Preached by the Minister on 6th March 2016:
Into the wilderness…………….
I wonder what ‘wilderness’ means to you? I think of the manse garden, but that’s not really what I want to talk about!
The wilderness is a place of self-emptying. Jesus emptied himself literally, fasting. And following the physical self-emptying came a time of temptation – to take short cuts to power and celebrity. The self emptying made him able to resist temptation, not because it made him strong, but because it made him totally reliant on God, and on the power of God.
Those who first heard the story of Jesus in the wilderness would have connected it to the story our Old Testament reading refers to; how, after the Hebrews escaped from slavery in Egypt they became wandering migrants in the wilderness from which God brought them up into a land of milk and honey. We have no details of the wandering in the wilderness in this passage, but they are well known – the people ate manna provided by God, they received the law from God, they were tested and most of the time they failed. It was a time of preparation, like Jesus time in the wilderness, a time of empty-handedness contrasted with the time after settling, when the people brought in the hands baskets of produce to offer back to God.
In his book about forgiveness, Healing Agony, Stephen Cherry, a Christian teacher, talks of the wilderness of hurt through which everyone who has been hurt but has a forgiving heart must pass. It’s a hard place – the place which makes us doubt whether goodness really is stronger than evil, love stronger than hate, light stronger than darkness, and whether life is actually victorious over death. It’s a place where only those with a forgiving heart will be sustained by the faith that this is not the whole story and enabled to say no to the temptation to become a bitter, passive victim to a hate-filled avenger. There’s an emptying-out of our own strength before the person discovers empathy and sometimes a road to being able to say ‘I forgive’.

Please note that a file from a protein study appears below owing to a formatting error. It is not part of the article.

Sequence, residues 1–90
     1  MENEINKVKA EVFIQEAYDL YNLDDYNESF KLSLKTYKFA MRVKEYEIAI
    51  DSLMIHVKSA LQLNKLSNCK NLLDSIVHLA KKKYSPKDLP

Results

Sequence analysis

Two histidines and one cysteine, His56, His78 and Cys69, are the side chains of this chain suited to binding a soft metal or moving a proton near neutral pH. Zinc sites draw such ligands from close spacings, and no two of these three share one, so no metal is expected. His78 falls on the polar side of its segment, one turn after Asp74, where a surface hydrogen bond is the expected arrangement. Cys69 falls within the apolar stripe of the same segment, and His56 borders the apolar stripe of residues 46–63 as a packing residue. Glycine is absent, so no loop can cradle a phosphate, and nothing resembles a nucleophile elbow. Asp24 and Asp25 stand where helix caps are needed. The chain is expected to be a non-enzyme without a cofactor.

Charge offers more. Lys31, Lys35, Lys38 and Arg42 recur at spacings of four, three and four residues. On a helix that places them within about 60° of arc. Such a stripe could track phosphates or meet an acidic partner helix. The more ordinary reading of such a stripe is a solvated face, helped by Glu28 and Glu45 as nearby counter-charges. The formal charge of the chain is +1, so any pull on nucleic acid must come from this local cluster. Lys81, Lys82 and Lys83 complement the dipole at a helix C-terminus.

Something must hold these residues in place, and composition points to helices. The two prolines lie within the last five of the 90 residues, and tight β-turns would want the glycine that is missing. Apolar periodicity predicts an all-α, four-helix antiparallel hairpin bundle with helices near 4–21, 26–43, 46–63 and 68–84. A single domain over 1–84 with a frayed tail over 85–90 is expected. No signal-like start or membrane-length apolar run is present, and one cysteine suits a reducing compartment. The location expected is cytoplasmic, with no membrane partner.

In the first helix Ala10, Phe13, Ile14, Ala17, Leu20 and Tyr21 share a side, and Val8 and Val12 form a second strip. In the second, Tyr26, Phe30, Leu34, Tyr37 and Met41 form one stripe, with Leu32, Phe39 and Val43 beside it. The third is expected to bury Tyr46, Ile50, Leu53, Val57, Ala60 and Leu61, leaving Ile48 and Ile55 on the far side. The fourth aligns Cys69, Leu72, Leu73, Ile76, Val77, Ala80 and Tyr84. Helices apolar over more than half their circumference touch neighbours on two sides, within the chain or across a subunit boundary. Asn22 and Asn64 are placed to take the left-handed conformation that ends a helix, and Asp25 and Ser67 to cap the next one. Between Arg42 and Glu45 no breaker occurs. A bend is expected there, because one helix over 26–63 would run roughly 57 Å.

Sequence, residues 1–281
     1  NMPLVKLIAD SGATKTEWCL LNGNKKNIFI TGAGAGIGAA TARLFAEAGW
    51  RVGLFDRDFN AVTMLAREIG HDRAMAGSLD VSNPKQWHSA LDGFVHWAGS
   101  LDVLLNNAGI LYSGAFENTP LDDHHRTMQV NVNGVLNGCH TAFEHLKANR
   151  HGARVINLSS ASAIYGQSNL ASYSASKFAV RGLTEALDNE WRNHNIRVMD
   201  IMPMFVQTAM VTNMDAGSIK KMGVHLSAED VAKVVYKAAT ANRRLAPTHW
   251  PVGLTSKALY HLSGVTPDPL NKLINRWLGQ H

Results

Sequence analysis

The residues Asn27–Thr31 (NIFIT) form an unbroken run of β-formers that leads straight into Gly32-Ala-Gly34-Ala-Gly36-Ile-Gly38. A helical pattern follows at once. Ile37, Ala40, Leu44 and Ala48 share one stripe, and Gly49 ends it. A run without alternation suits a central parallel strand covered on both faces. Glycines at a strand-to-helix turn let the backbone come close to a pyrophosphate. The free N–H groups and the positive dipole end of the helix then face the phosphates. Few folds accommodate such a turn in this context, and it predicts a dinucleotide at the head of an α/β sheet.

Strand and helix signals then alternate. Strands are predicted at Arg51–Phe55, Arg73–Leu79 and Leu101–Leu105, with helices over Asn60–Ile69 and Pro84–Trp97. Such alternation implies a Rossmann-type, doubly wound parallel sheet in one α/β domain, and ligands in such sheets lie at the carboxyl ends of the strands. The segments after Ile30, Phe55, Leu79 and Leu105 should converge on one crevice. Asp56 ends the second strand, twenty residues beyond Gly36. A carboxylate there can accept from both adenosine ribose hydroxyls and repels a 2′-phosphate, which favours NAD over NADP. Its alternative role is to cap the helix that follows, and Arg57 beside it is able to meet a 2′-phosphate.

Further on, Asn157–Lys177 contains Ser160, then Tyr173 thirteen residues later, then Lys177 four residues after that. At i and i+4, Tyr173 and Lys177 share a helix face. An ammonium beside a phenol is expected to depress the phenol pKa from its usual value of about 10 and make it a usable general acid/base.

In Marian’s story the wilderness experience comes after she has been through the moving experience of wrapping her murdered sister’s bone, AFTER she has made a vow to forgive when she is overcome with the most appalling anger that takes he rover, body as well as soul. For me, she says, forgiveness began with murderous rage.
And ourselves? After all this, where do we, where have we experienced the wilderness?
Sometimes the wilderness is forced on us by loneliness, by illness or pain or loss, by injustice, by being genuinely victimised. When we are driven out into the wilderness by things not of our choosing we need that same faith in the goodness and grace of God in order to find, in God’s time, God’s love and goodness and light and life coming to meet us out of the very wilderness in which we find ourselves. How has that happened for you in your life, past o present?
We can also prepare for the hard things of life by entering the wilderness willingly, emptying ourselves on purpose. We do that by prayer and fasting, by searching our conscience and making amends for ways we’ve hurt people. Are you doing that this Lent? In the wilderness we simplify, simplify, simplify, in order to be still enough and silent enough for God to be able to draw close and change us.